PART 4: Procurement In The Future: Up-skill To Close The Skill Gap

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Author: Ben Shute FCIPS, CEO, Comprara

The final part of a 4-part series which has run through December on the challenges facing procurement. Read part one, which looked at how automation is changing roles, here. Part two: ‘From Procurement To Three-Pronged Management’ here. Part three: ‘The Triple Bottom Line: Understanding The Sustainability Agenda’ here.

Need to up-skill to close the skill gap

Procurement is changing. It is now a multifaceted proposition that demands that professionals focus not only on the traditional procurement activity of cost management, but that they take a broader, total-value outlook.

With the ability to relegate many administrative processes to robots, organisations now demand that their procurement officers undertake more value-enhancement activities, such as actively managing the supply chain, managing risks better and helping with brand building.

However, the majority of current procurement professionals do not have the skills to navigate the bold new world of procurement. The skill gap is an ongoing challenge for procurement leaders, but the changes that are assailing the procurement sector can help to bridge this gap.

We mentioned that, at the most basic level, the Robotic Process Automation (RPA) can free up time. We propose that up-skilling is a very good way to spend time gained through automation. Up-skilling can take the form of learning new technical skills, such as market analysis and strategy development for risk mitigation. But up-skilling should also include soft-skills like learning how to influence during negotiation and sales techniques to help with brand management.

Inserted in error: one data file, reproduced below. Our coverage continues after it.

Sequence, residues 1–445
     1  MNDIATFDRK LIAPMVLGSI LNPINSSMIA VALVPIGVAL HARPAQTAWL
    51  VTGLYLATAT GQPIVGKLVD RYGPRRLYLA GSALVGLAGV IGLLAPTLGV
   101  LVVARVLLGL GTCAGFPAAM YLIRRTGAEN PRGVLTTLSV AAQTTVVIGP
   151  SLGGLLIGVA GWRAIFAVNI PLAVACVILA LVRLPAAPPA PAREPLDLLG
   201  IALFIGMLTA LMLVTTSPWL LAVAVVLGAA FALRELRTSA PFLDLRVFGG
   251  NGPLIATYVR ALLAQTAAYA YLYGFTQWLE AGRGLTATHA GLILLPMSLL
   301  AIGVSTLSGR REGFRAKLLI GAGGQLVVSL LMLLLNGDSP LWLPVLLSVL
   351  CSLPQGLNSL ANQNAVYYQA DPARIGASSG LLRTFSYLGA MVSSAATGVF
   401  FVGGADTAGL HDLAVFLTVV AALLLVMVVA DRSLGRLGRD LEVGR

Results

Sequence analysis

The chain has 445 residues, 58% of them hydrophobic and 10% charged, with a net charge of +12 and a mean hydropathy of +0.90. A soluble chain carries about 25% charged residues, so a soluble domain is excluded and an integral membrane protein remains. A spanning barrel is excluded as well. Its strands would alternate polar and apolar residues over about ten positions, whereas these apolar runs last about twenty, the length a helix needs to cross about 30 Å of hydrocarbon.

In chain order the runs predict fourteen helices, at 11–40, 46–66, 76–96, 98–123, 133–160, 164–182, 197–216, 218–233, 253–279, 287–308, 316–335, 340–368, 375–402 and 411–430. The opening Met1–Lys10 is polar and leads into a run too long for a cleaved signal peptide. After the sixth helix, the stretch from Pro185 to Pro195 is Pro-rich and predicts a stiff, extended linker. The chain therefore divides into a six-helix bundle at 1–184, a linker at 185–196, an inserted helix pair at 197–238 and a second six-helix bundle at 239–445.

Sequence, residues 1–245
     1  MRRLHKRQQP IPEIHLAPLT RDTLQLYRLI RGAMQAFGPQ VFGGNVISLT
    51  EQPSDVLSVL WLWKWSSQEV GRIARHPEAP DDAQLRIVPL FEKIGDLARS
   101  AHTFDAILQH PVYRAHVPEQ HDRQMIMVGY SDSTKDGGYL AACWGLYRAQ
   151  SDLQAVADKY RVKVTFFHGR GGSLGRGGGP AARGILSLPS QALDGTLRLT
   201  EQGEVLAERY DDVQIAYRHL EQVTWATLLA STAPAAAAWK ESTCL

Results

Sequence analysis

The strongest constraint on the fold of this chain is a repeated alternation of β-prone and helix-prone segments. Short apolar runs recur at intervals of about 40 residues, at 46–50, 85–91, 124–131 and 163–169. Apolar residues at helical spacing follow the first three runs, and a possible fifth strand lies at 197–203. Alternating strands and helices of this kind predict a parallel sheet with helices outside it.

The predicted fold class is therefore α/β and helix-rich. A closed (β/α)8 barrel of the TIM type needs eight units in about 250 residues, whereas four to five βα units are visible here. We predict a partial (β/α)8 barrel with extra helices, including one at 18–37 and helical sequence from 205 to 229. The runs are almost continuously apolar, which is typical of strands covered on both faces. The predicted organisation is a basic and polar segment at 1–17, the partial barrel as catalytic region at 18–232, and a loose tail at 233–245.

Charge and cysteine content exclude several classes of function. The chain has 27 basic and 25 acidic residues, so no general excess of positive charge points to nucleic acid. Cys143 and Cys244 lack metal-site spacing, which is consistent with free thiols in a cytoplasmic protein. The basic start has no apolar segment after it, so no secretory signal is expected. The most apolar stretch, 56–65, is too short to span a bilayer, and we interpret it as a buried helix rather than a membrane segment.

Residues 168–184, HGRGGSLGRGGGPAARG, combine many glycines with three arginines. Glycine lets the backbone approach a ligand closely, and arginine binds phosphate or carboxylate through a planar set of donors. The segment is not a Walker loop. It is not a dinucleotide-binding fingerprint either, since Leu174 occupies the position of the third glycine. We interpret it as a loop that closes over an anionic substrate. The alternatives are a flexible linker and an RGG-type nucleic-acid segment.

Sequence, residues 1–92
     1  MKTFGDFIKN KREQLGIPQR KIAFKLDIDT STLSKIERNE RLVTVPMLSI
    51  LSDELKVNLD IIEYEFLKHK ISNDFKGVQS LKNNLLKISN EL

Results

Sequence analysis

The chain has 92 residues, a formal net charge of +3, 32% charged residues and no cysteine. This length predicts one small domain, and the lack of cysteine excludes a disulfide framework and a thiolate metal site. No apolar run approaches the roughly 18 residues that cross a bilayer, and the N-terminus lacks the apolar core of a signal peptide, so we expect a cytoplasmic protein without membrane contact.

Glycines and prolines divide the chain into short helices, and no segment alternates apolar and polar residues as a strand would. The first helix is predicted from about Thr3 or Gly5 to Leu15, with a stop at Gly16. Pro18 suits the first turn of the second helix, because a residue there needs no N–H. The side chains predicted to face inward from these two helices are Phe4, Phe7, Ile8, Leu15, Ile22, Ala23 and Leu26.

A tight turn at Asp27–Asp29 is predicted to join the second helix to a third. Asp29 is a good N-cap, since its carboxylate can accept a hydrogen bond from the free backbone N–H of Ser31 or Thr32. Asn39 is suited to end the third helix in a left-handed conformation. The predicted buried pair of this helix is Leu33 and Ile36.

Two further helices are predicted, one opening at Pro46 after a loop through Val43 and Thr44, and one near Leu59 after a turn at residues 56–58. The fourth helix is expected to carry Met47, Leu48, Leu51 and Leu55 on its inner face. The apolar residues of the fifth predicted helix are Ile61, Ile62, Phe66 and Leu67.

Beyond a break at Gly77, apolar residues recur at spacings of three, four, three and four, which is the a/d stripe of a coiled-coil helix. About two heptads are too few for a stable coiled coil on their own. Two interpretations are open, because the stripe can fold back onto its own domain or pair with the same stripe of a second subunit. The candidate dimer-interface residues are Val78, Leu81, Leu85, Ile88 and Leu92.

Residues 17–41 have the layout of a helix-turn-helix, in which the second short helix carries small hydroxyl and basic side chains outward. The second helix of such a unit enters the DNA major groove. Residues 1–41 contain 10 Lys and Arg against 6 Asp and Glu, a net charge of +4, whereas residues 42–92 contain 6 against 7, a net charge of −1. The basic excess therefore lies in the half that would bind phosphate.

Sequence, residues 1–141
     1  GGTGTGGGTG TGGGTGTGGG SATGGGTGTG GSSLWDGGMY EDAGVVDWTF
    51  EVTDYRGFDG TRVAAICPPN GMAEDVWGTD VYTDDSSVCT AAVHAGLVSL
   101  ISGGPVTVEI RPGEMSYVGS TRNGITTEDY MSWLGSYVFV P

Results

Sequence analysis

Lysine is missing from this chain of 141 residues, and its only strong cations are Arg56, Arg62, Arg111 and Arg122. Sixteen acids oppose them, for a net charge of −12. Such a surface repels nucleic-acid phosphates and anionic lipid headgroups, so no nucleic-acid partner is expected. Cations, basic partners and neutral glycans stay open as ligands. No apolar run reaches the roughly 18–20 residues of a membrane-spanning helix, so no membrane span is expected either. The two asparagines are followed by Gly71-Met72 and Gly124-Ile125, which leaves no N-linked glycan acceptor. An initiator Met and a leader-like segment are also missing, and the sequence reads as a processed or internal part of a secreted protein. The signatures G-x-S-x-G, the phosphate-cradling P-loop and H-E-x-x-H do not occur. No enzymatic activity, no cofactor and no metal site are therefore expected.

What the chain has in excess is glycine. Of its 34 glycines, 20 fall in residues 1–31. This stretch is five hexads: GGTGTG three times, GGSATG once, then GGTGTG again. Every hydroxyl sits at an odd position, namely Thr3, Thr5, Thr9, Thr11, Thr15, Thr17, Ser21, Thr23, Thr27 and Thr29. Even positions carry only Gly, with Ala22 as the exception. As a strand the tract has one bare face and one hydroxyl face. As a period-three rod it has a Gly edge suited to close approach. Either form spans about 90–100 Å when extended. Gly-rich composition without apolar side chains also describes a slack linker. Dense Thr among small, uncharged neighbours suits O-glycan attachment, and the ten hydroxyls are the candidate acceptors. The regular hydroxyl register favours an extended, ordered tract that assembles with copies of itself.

The overall focus should always be to consider which of your current skills and activities are processing and repetitive analysis that a robotic process can take over, without feeling the loss of the human factor.

The next step is to plot a course away from such automatable skills into skills that would be worse or impossible without a human present.

Both individuals and organisations must identify the skill gap that not only exists today, but the gap that will open in the near future. Only once the skill gap is identified can both individuals and organisations take steps towards closing it.

The purchasing officers of today will need to become the supply chain managers who are proactive about risks and who make an active contribution towards the brand of the organisation tomorrow.

To do so, individuals and organisations not only have to build capability in technical fields, but also continue to develop soft skills. Procurement officers must broaden their horizons beyond the cost to include sustainability and take a total value view.

Because to return to the question with which we began: No, humans are not obsolete – but an individual can become obsolete if they allow their skills to stagnate.

 

About the author
Ben Shute FCIPS, is a thought leader and CEO of Comprara, a consulting business that has led the market in the development of capability and capacity diagnostic applications.

  • Have you heard about PASA CPO Summit in March? ‘Future Proofing You’ will be held on 13 & 14th March 2018 in Sydney. 

 

Comprara offers capability & capacity solutions for buyers:

Capability:

www.skillsgapanalsysis.com – Capability and Departmental Analysis

www.academyofprocurement.com – Capability Development

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